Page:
3 Minute Read

Closing the Gender Pay Gap – Thoughts on National Equal Pay Day

By Elisa van Dam
March 12, 2024

March 12 is Equal Pay Day for 2024*.

This date represents the number of additional days women work to make the same amount that men made by December 31, 2023. Of course this calculation is based on averages and there are many factors involved, but it still shows that there is much work to be done before we achieve pay parity. 



* Although March 12 is the Equal Pay Day for all women, the equal pay days for different groups of women stretch all the way to November.

April 3 – Asian American, Native Hawaiian and Pacific Islander Women’s Equal Pay Day
June 13 – LGBTQIA+ Equal Pay Awareness Day
July 9 – Black Women’s Equal Pay Day
August 7 – Moms’ Equal Pay Day
August 28 – Native Hawaiian and Pacific Islander (NHPI) Women’s Equal Pay Day
October 3 – Latina Equal Pay Day
November 21 – Native Women’s Equal Pay Day

Deepen Your Awareness

One important step you can take is to deepen your awareness of the issue and then commit to taking action. Here are some suggestions:

How Organizations Work Towards Pay Equity

Through my work with Employers for Pay Equity, I’ve learned a lot about the steps organizations can take, including:

  • Paying attention to starting pay and ensuring that compensation is based on a candidate or employee’s role, skills, abilities and experience
  • Making sure employees feel free to openly ask and discuss wages without fear of retaliation
  • Holding the organization accountable by conducting regular, comprehensive gender pay analyses across occupations
  • Reviewing hiring and promotion processes to reduce unconscious bias and structural barriers
  • Embedding equal pay efforts into broader enterprise-wide equity initiatives

How You Can Navigate Pay Equity For Yourself

If you suspect that your compensation may not be on par with your white male peers, the first step is to assess your organization’s commitment to pay equity and pay transparency. This will help you gauge the potential risks and rewards of moving forward.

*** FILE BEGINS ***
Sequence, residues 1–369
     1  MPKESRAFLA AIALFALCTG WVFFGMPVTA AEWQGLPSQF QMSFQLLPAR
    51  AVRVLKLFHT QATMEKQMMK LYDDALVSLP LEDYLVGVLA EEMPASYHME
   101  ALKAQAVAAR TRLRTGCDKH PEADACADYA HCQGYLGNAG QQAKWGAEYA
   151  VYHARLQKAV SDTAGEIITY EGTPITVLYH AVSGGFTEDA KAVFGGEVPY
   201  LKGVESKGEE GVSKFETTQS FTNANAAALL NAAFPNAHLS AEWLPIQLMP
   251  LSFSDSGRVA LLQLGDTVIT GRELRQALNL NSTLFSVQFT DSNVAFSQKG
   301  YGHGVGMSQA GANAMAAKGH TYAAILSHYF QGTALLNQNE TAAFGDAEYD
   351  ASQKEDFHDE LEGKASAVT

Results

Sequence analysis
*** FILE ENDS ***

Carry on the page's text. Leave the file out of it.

If you feel that it is in your best interests to take action, here are some things you can consider:

  • Investigating whether your organization engages in pay equity audits, and if so, asking if your compensation can be reviewed.
  • Asking male colleagues in similar roles if they would be willing to share compensation data – if they aren’t comfortable sharing their personal salary, they may be willing to say what they think the compensation for a job like yours should be.
  • Enlisting your manager in reviewing your compensation. You could start by establishing common ground that you both are committed to pay equity. Then ask if they would be willing to review your compensation to ensure equity with people in similar roles.

Negotiating When You Are Offered a New Job

Negotiating your compensation is particularly crucial when you step into a new role. If you find it challenging to negotiate for yourself, here are a few tips:

  • Get as much information as possible about what the role should pay. Use your network and also be sure to ask the dominant group in your organization so you have a standard of legitimacy.
  • If it feels selfish to negotiate for yourself, think about who would benefit if you negotiate a better compensation package. For example, will you be more able to take care of someone else? Will you be setting a precedent for the women who come behind you? 
  • Think about how you can enlist your new boss as an ally, rather than viewing the negotiation as you vs. them. How can you problem-solve together to get you fair compensation (which is in their interest as well as yours)?
  • Prepare for objections. For example, what will you do if they say no – can you turn “no” into “not right now”?
  • Practice, practice, practice! Get someone to role-play with you, and say the words out loud. 


What’s your “why”?

Making the case for pay equity will be most successful if you can align it with a personal or organizational value. 

Elisa and her twin LoriFor me, that value is my personal belief in the importance of treating people equitably, which I’ve always attributed to being a twin. For you, it might be a commitment to “paying it forward”, or aligning with an organization’s core value of treating everyone with respect.

On this Equal Pay Day, we invite you to think about your “why” for taking action toward pay equity.